The Island ran into even more problems. Whole pages were completed and then discarded. The story was a one-shot, then three issues, and kept changing back and forth until finally landing in the middle. It was Mignola’s most difficult story to date.

    Hellboy: The Island #1, my favorite Mignola cover

    However, the difficulties of The Third Wish and The Island don’t show on the page. They are decidedly more somber pieces, true, but these two stories are stunning pieces of work. The Island in particular is one of the finest comics I’ve had the pleasure to read, and even years later, I am still finding new things in it to appreciate. And all those discarded pages make for one hell of a sketchbook section.

    Continued below

    Embracing Change

    After The Island, Mignola had something big planned, an epic story spanning three trades, but he wasn’t going to be drawing it. Another artist drawing Hellboy had been on the cards for a while. Matt Smith nearly drew Conqueror Worm, Kevin Nowlan nearly drew The Third Wish, but this time there was no nearly about it. Mignola would be writing and another another artist would be stepping in on art duties. It was unthinkable. Sure, Guy Davis was drawing B.P.R.D., but Mignola’s distinctive style was so much a part of Hellboy, without him how could the magic possibly be preserved?

    Once again, we owe Glen Murakami a debt of gratitude. It was he that championed Duncan Fegredo for the job, and what a revelation he was. In retrospect, no one else could possibly have delivered on such an impossible task.

    Darkness Calls was not drawn by Mignola, yet that ineffable Mignola-esque quality was still there. And Fegredo could draw the downright bizarre without pulling the reader out of the story. At one point he was drawing the Baba Yaga locking lips with a goat and yet this was not hilarious. It was creepy and powerful and stunning. He also brought his own sense of epic scale to the series, which he would upstage with each subsequent story.

    Duncan Fegredo’s trilogy of Hellboy books

    Hellboy: The Crooked Man #2
    Suddenly the idea of other artists drawing Hellboy became a very real possibility. P. Craig Russell, Jason Shawn Alexander, Scott Hampton, and Kevin Nowlan each had a shot at the character. But it is horror comics legend Richard Corben that really defines the stand-alone stories of this era, especially the Eisner-winning work on The Crooked Man and Double Feature of Evil. He brought a different kind of creepy to the books.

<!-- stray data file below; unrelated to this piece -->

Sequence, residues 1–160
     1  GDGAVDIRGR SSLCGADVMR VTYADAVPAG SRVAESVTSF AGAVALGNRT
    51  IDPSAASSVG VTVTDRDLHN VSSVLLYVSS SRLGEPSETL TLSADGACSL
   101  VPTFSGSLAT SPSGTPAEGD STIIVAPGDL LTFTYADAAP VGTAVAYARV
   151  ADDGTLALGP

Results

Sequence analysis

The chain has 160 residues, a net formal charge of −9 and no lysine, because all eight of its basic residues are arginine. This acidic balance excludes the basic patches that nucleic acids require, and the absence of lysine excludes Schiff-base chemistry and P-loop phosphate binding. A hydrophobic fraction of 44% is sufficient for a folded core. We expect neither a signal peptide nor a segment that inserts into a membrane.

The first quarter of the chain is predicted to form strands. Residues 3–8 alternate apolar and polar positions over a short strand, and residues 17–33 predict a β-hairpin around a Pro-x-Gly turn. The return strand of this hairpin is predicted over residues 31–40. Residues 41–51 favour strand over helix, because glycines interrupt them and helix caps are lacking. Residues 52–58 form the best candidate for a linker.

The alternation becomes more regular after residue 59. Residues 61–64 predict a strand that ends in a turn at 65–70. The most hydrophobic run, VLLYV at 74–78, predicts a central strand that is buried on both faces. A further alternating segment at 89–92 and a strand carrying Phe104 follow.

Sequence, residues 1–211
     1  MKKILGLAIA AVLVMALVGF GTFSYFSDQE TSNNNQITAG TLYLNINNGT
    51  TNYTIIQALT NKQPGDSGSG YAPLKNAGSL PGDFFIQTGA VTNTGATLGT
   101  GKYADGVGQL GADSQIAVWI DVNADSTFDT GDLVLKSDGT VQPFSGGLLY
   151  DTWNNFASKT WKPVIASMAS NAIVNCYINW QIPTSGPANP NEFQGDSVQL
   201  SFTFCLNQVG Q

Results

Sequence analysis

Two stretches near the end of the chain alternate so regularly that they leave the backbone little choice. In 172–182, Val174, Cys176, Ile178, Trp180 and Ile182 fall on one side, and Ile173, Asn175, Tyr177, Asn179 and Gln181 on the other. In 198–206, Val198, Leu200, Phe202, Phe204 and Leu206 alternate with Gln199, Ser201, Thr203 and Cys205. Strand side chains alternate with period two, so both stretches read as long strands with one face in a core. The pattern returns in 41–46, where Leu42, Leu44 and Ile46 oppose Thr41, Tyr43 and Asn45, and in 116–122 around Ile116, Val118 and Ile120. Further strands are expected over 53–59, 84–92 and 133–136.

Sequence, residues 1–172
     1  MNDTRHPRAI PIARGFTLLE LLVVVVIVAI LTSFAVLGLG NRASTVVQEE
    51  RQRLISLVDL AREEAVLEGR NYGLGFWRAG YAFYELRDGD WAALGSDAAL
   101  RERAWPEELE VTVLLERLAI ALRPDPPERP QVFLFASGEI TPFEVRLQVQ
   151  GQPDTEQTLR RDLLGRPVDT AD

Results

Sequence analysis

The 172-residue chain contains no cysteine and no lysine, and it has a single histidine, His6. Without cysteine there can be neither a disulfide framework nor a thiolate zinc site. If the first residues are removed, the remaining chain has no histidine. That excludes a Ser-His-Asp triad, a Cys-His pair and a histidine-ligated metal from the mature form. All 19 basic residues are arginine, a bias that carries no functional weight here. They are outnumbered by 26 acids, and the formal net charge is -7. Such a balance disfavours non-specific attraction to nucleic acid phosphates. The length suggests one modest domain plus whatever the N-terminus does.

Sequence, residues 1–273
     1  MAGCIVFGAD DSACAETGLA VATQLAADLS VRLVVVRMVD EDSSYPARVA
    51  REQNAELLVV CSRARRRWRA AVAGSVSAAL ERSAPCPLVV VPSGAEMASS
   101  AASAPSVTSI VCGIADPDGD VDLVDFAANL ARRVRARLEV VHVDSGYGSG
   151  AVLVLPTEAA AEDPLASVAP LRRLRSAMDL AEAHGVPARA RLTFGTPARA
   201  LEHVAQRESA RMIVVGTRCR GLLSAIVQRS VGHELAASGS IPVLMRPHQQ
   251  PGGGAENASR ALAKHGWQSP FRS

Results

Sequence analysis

Meanwhile, in the pages of B.P.R.D. real and lasting changes were unfolding. The Black Flame claimed fan-favorite Roger, and the The Universal Machine made it clear he wouldn’t be coming back. “Let’s break the things that can’t be fixed,” became the mantra for the universe. Cities were destroyed and weren’t back to normal a few issues later. Characters died and didn’t come back.

    John Arcudi really dug deep with the characters and their relationships with one another, and with this a bunch of morally ambiguous gray areas started to emerge. And Guy Davis brought so much nuance to the performance of his drawings, to layout, and design. During this time, Hellboy was continuing its slower pace, while B.P.R.D. was speeding up. In 2007 B.P.R.D. starting coming out on a monthly basis, and in 2008 a series of miniseries covering the early days of the Bureau with 1946 and 1947 written by Joshua Dysart with Mike Mignola was added to the schedule (This series was originally planned to go on into the 1950s, but it was ultimately cancelled when Mignola became too busy).

    The universe began expanding rapidly at this point. A Lobster Johnson spin-off launched, closely followed by Abe Sapien and Witchfinder. These spin-offs shared direct links to characters and plot points in B.P.R.D. and this, combined with the increased output, caused the series to shift into the role of the flagship title for the Hellboy Universe. With the coming of the Scorched Earth trilogy, B.P.R.D. now had more volumes than its parent series. This trilogy was an arc designed to bring a close to twelve volumes of the Plague of Frogs cycle and set the stage for something new to follow…

    Mignola had always spoken about the end of the world in his comics, but in the new B.P.R.D. story cycle, Hell on Earth, it finally became a reality. The world was overrun with monsters and constant natural disasters. Liz left the Bureau, Daimio died, Abe got shot up by a psychic teenager… With so many of the core cast incapacitated, the regular human agents stepped to fill the void that was left. But the biggest change for the series came in 2011 at the Emerald City Comic Con.

    Guy Davis’s B.P.R.D.
    Continued below

    After more than fifty issues on the series, Guy Davis was stepping down as the artist on B.P.R.D.. It came out of nowhere and it left us all stunned. Guy Davis had become so synonymous with B.P.R.D., it really felt like he should always be a part of it. At the very same panel it was announced that newcomer Tyler Crook, fresh off the original graphic novel Petrograd, would be stepping up as the new ongoing artist. However, unlike Guy Davis, he would not be solely responsible for the ongoing story. Other guest artists would now come on board for arcs, creating many shorter arcs, unlike the standard five-issues story arcs in the Plague of Frogs cycle. The Mignolaverse was starting to accumulate a collection of semi-regular artist working on various series.

    Tyler Crook, James Harren, Jason Latour, and Laurence Campbell drawing Hell on Earth

    I really feel I have to mention the work of Dave Stewart here. He has colored virtually everything in the Hellboy universe since 1998, and thanks to his efforts, despite all the many artists at work on it now, it still feels unified, even though he changes the way he colors depending on the artist. His mark is on everything, and I couldn’t imagine it without him. It’s no wonder he’s won eight Eisners.